The sun descends in a wash of fiery orange and pink while the sea turns violet and lavender, laying itself out in complement to its reflection above. A stillness falls over the bay, the air holding its breath for what is coming next. We have just finished dinner when a few spots of water darken the balcony floor. Looking up I see heavy clouds are covering the stars and then the sky flashes white. The wind picks up and thunder grumbles to the north. The spots become more frequent and there’s barely time to bring in the drying beach towels before the storm is upon us. Bolt after bolt of lightning thrown down from sky to sea, Zeus and Hephaestus battling it out, animating the scene like the flickering images of an old zoetrope. The noise is terrifying, explosions that force the ear drum inwards while the rain rages on. Now the bay is obscured, just a grey sheet of water, a curtain pulled across . I know there are several sailing boats anchored out there, somewhere: half an hour ago there’d been champagne corks and music. I am very glad to be on land, even if the rain is now creeping under the balcony doors and pooling in various and unexpected areas of the apartment. The roads have turned to rivers, pouring down the slope past our window and still there is no diminishment. Occasionally the clouds swirl apart to reveal a pallid, gibbous moon, but she is not invited tonight, rapidly extinguished by their dark bat wings.
Finally, after longer than was diverting, the storm retreats. Rolls of thunder continue and skittering sheets of lightning still illuminate the cloud masses, but they are being pulled apart now, and one by one the stars return.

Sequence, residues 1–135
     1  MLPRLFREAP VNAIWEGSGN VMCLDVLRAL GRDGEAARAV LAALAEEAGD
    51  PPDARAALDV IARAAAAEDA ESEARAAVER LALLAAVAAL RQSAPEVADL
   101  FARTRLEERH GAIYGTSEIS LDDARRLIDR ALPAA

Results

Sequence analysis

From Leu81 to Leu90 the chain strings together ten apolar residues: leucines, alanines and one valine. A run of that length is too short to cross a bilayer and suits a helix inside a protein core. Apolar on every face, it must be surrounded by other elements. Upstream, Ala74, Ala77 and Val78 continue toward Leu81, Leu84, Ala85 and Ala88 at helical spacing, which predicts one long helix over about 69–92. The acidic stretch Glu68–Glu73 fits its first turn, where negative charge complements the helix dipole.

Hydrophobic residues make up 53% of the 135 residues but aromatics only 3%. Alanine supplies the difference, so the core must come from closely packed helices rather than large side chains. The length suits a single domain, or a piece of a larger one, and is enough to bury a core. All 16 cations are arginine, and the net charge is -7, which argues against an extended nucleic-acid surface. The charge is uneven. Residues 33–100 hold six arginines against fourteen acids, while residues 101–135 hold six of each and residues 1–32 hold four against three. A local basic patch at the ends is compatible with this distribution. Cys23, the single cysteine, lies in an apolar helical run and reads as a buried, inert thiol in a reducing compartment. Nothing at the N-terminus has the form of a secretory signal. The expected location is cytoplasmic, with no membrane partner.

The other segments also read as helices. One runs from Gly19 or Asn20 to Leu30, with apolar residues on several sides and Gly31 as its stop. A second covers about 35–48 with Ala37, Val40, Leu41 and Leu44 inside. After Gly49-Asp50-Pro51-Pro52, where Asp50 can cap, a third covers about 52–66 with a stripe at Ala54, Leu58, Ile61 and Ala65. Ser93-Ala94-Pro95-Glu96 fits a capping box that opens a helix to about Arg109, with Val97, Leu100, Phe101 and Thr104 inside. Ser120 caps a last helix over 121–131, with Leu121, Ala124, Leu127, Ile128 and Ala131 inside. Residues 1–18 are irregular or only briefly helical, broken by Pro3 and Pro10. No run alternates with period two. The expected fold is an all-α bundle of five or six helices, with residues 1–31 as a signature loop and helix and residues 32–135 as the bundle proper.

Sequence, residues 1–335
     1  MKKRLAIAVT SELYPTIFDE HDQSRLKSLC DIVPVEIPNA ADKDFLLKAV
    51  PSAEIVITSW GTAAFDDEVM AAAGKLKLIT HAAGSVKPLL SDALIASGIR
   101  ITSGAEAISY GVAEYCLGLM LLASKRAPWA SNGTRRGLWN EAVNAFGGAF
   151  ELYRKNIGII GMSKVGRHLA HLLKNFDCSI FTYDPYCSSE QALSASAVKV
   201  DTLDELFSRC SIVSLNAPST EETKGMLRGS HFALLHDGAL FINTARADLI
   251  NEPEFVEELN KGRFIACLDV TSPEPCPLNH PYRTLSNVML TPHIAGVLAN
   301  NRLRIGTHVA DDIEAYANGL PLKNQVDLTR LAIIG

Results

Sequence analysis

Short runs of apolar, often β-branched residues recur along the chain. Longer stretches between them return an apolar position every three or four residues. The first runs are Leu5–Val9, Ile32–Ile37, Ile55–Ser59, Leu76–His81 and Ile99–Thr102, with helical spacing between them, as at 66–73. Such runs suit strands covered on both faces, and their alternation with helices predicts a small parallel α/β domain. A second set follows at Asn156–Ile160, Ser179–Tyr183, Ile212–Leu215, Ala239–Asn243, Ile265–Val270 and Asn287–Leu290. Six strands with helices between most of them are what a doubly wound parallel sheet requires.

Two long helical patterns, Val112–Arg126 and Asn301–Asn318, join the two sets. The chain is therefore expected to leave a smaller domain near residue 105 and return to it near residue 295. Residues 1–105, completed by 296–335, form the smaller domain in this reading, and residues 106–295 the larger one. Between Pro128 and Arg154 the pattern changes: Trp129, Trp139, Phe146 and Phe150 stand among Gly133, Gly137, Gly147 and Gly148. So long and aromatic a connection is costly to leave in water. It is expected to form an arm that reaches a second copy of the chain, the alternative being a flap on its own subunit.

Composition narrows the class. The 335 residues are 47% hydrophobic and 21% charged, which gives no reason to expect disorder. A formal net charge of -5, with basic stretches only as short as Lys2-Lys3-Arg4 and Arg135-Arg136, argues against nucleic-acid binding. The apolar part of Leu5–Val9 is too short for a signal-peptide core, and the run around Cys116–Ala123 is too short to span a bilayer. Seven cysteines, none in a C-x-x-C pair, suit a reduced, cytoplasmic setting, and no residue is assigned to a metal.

The next morning, the air is fresh and through the village echoes the sound of water being swept away and neighbours comparing notes on damage and flooding. Some hazy clouds have lingered and at the beach the sea licks contritely at my calves as I wade along the shore.
Later we cycle north up the coast, taking the road that leads inland before turning east back to the sea. Here there are isolated villas with gardens irrigated to a bright verdant green, incongruous against the island’s otherwise terra-cotta landscape.
Wheatears perch on rocks and low electricity lines. Swallows careen across an emerald field of clover, purple flowers just coming into bloom. I stop to investigate but am distracted by a large green stick that hops off the sprig I have plucked. I look closer and see orange eyes and alien forked head, body designed to mimic exactly a large blade of grass. I watch as this small, incredible creature finally tires of my gaze and jumps back into the mass of plants: an instantly invisible phasmid.